The grocery story is older than me! It has been in operation for 35 years. Having that as my support growing up literally put food on the table and put me through college, our family centers on that. It has grown to a size that is fairly large; it’s not a tiny business. I have seen ways relationships in family develop over time, trying to balance when is it time to work and when it’s time to enjoy one another's presence as aunts, uncles, cousins, and siblings. For example, Chinese New Year is the biggest holiday for us. Even on Chinese New Year, which is meant to be happy, it can be stressful at our store. We are part of a community, where tens of thousands of the population has been displaced and now the store serves almost as a home away from home for the community. While the grocery is more established, it is still scrappy. This is something it shares with Lloyd, being a startup. 

What do you think people should know about Lloyd?

It’s a brother and a sister team! That hit home for me—they are so passionate about helping people. They put their time, resources, and brain power into helping other people make difficult decisions. Lloyd is about helping people. Just seeing how the team interacts made me think about how I continue to work alongside my three sisters. I might hit you up for tips on separating family from professional life!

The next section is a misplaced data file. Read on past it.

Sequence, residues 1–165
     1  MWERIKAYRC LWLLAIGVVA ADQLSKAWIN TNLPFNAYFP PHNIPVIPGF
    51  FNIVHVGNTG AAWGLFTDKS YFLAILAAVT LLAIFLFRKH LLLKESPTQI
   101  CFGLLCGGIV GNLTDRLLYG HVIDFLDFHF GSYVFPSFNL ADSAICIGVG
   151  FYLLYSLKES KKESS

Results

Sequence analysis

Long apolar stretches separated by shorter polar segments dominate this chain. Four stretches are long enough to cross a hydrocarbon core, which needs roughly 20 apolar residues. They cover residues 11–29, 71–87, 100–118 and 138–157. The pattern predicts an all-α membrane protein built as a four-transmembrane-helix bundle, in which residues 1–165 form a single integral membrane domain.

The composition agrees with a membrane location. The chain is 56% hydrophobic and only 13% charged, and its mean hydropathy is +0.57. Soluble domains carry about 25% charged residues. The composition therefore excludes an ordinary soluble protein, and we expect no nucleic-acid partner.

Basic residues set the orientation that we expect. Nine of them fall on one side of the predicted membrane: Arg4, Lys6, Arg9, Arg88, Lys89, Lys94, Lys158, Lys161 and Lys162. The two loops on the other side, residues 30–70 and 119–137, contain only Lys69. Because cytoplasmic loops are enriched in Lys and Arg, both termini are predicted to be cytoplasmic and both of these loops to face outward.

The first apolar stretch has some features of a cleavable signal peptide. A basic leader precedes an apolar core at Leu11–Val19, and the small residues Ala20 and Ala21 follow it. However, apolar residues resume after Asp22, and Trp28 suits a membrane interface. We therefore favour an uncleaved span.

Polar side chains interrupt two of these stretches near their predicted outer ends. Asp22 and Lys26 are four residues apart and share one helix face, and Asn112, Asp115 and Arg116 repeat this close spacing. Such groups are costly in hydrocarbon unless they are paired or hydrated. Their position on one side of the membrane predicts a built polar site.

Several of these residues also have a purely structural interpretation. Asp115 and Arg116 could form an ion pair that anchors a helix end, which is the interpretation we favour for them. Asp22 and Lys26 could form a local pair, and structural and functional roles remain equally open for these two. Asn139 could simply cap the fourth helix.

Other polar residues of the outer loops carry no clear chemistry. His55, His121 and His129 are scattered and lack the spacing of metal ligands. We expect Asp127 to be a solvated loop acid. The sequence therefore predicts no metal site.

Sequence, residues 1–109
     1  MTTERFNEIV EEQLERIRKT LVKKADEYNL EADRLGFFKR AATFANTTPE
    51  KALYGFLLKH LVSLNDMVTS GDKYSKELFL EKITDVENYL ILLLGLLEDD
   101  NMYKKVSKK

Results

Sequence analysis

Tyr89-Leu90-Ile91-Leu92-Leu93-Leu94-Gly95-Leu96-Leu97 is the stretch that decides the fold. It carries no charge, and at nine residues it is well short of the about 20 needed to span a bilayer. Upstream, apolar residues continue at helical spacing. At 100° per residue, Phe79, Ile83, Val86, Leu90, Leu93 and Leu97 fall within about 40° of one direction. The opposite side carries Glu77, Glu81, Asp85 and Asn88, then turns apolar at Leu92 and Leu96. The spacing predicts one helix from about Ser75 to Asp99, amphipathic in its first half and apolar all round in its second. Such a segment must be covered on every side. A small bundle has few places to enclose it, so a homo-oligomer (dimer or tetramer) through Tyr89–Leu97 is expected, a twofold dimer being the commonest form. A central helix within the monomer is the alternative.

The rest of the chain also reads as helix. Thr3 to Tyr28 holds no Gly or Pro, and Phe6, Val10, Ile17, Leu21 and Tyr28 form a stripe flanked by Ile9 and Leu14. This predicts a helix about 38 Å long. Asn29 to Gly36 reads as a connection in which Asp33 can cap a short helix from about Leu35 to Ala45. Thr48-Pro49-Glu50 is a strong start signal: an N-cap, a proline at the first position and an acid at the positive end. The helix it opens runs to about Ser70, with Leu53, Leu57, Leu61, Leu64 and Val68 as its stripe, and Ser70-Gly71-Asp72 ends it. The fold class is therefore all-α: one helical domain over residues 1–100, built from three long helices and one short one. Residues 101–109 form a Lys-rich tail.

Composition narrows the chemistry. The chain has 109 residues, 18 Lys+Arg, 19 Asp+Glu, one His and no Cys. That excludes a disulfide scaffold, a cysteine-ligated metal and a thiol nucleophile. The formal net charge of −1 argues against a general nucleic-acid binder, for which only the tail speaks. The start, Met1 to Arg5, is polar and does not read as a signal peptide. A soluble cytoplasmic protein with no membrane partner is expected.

How has Lloyd impacted your career? 

Lloyd has been a great opportunity for me to take a look at a work-life balance in a time that was both extremely uncertain and novel, as the pandemic had just been declared (last spring). Being at a startup, I could take initiative and be creative—from customer discovery to sales / marketing strategies, leaning into the new world we were working in. I tried to look for opportunities, to see how we could help people. Lloyd is always seeking ways to balance impacting lives while also doing so in a sustainable way.

(3) A treat from me

Check out the No Code Wealth podcast, where Dan was recently interviewed on careers and building Lloyd.